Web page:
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Trigonometric Equation for a Sequence

Date: 04/03/2001 at 17:52:46
From: Jonathan Gruber
Subject: Need an equation for a sequence

I need an equation for the sequence of numbers:

     0, 0, 1, 0, 0, 1, 0, 0, 1, ...

I think it's a sine function with n starting at either n = 0 or n = 1.

For example, if you start with n = 0, then the equation has to give 
you a value of 0, n = 1 gives you 0, n = 2 gives you 1, n = 3 gives 
you 0, n = 4 gives you 0, n = 5 gives you 1, n = 6 gives you 0, and so 

If you have n = 1 for the first number, you get a value of 0, and 
n = 2 gives you 0, n = 3 gives you 1, n = 4 gives you 0, n = 5 gives 
you 0, n = 6 gives you 1, n = 7 gives you 0, and so on.

Thank you in advance!

Date: 04/03/2001 at 20:19:39
From: Doctor Schwa
Subject: Re: Need an equation for a sequence

Hi Jonathan,

I would approach it more through complex numbers, but since you 
suggested sine, I'll work out something along those lines.

Since it repeats with period 3, it should somehow be related to

     sin(2pi n/3) and cos(2pi n/3)

so let's look at those (I'll round the decimals for convenience, and 
start with n = 0):

     sin(2pi n/3) = 0, .866, -.866, 0, .866, -.866, ...
     cos(2pi n/3) = 1, -0.5, -0.5,  0, -0.5, -0.5, ...

That's not enough: to make the first two terms 0 and 0, I'd need to 
take 0 * sin + 0 * cos and it would be 0 forever.

So I need another function of period 3. How about:

     sin(4pi n/3): 0, -.866, .866 ...

Oh, that doesn't do any good, that's just the opposite of 
sin(2pi n/3). Maybe cos(4pi n/3)? No, that's just the same as 
cos(2pi n/3).

Well, maybe I can make do with just the constant function.

Let's try to make our sequence 0, 0, 1 by adding up

     A + B sin(2pi n/3) + C cos(2pi n/3)

Plugging in n = 0, 1, 2 gives:

     A +       +    C = 0
     A + .866B - 0.5C = 0
     A - .866B - 0.5C = 1

Solving those equations will give you the solution you're looking for.

I guess the point is we need three different functions that have 
period 3, and the constant (which really has period 1, but certainly 
does repeat after three steps) should be one of those functions.

I do have another way of explaining why it should be a combination of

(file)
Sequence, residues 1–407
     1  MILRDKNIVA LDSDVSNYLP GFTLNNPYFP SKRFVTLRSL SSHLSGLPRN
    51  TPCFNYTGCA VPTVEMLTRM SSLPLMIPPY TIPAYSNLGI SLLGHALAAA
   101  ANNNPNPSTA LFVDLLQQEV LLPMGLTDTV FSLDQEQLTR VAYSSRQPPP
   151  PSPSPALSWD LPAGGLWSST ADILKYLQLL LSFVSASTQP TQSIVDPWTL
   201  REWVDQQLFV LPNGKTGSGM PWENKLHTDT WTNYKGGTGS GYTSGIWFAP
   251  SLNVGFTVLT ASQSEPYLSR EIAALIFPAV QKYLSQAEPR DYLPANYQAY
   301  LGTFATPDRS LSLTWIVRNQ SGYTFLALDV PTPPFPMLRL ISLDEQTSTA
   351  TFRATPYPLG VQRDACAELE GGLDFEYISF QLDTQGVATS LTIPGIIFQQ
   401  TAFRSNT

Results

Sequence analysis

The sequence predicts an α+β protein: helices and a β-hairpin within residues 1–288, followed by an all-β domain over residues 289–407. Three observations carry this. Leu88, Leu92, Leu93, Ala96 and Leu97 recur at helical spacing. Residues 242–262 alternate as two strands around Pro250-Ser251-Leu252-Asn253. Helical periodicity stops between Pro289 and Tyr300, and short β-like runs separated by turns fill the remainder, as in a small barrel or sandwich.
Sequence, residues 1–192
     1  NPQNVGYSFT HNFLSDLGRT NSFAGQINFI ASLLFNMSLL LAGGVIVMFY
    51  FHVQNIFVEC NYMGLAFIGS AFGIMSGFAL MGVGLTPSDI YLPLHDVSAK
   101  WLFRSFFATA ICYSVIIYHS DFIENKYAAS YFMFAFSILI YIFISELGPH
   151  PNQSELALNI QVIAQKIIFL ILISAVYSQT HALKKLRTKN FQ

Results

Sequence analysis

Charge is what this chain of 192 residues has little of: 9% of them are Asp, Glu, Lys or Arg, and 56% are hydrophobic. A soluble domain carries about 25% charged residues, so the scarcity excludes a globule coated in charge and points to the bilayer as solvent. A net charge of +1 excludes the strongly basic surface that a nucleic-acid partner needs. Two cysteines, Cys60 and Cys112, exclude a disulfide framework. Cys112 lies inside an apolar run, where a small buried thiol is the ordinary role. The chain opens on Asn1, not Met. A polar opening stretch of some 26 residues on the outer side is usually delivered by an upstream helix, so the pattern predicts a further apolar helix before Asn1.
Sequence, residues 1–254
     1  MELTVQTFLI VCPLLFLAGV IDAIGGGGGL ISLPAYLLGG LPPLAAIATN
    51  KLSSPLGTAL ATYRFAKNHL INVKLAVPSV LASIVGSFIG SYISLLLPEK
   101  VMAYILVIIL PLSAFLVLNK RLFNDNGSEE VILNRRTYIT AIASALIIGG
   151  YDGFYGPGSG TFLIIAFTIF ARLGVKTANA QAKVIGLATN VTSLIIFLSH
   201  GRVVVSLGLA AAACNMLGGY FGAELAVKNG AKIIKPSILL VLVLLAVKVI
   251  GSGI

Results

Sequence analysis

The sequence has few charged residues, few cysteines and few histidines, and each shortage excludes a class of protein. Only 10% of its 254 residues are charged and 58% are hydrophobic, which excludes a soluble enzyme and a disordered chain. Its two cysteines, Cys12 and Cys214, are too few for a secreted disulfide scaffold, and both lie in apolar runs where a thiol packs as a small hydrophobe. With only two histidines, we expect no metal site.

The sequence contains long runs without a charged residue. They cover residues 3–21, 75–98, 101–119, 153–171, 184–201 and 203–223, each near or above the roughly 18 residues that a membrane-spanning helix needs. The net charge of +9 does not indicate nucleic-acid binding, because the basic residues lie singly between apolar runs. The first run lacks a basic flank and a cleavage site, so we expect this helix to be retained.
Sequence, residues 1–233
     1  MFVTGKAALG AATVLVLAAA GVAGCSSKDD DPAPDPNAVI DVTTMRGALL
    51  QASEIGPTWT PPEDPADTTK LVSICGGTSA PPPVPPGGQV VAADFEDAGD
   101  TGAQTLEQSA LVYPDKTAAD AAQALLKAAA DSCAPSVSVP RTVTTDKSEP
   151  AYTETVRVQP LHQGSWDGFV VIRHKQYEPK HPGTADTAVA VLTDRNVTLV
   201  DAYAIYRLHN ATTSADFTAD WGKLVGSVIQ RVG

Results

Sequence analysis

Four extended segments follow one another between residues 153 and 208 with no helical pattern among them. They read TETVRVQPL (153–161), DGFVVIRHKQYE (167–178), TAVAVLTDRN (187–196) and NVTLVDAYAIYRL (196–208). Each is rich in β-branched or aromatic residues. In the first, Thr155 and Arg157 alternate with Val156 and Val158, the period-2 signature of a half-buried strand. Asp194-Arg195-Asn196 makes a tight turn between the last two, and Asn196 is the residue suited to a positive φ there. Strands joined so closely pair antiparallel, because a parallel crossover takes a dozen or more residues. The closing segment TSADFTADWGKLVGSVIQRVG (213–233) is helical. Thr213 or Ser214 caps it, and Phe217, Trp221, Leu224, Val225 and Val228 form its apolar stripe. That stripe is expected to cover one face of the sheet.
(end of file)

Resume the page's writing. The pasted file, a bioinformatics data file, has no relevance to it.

a constant, sin, and cos, which uses complex numbers and a few other 
techniques; please do write back if you're interested in seeing it.

- Doctor Schwa, The Math Forum   

Date: 04/03/2001 at 22:49:31
From: Jonathan Gruber
Subject: Re: equation for sequence

Thank you, thank you, thank you! I can't thank you enough for your quick 
reply and explanation. It is of tremendous help! Now I can use that method 
to find equations of additional patterns, right?

Yes, yes, I am interested in seeing the combination of the constant, sine 
and cosine. I am familiar with complex numbers. My teacher did tell my 
class that there are many ways of solving this problem.

Again, I appreciate your help very much.

Thank you,
Jonathan Gruber

Date: 04/04/2001 at 01:34:20
From: Doctor Schwa
Subject: Re: equation for sequence

Hi Jonathan,

I'm glad my reply was helpful!

The complex number method works like this:

You have a sequence that repeats every three steps. In other words,
a(n+3) = a(n), where a(n) is the sequence function.

Let's make a guess (I could try to explain why this guess is a good
one, but that would take a long time): a(n) = r^n.

In that case, r^(n+3) = r^n, or, dividing by r^n, r^3 = 1. That is, 
r is one of the cube roots of 1: r = 1, or (cos 2pi/3 + i sin 2pi/3), 
or (cos 4pi/3 + i sin 4pi/3).

Then, any constant times r^n will be a solution, and in fact
any sum of constants times any of the three choices of r^n will work
too (you can check that fairly easily).

So, the fully general form, with w = (cos 2pi/3 + i sin 2pi/3) for
short, is A * 1^n + B * w^n + C * w^2n, where A, B, C might be complex 
numbers as well. Then plugging in n = 0, 1, 2 as before, you can find the 
values of A, B, and C for your sequence (you need three terms because after 
that the a(n+3) = a(n) rule determines the rest).

When I teach this sequence of yours, instead of 0, 0, 1, I usually
start it off 1, 2, 3 and call it the "waltzing sequence."

The nice thing about this method in general is that it works with any 
linear equation of that type. For instance, it can be used to find a 
formula for Fibonacci numbers, for which F(n+2) = F(n+1) + F(n).


- Doctor Schwa, The Math Forum   
Associated Topics:
High School Sequences, Series
High School Trigonometry

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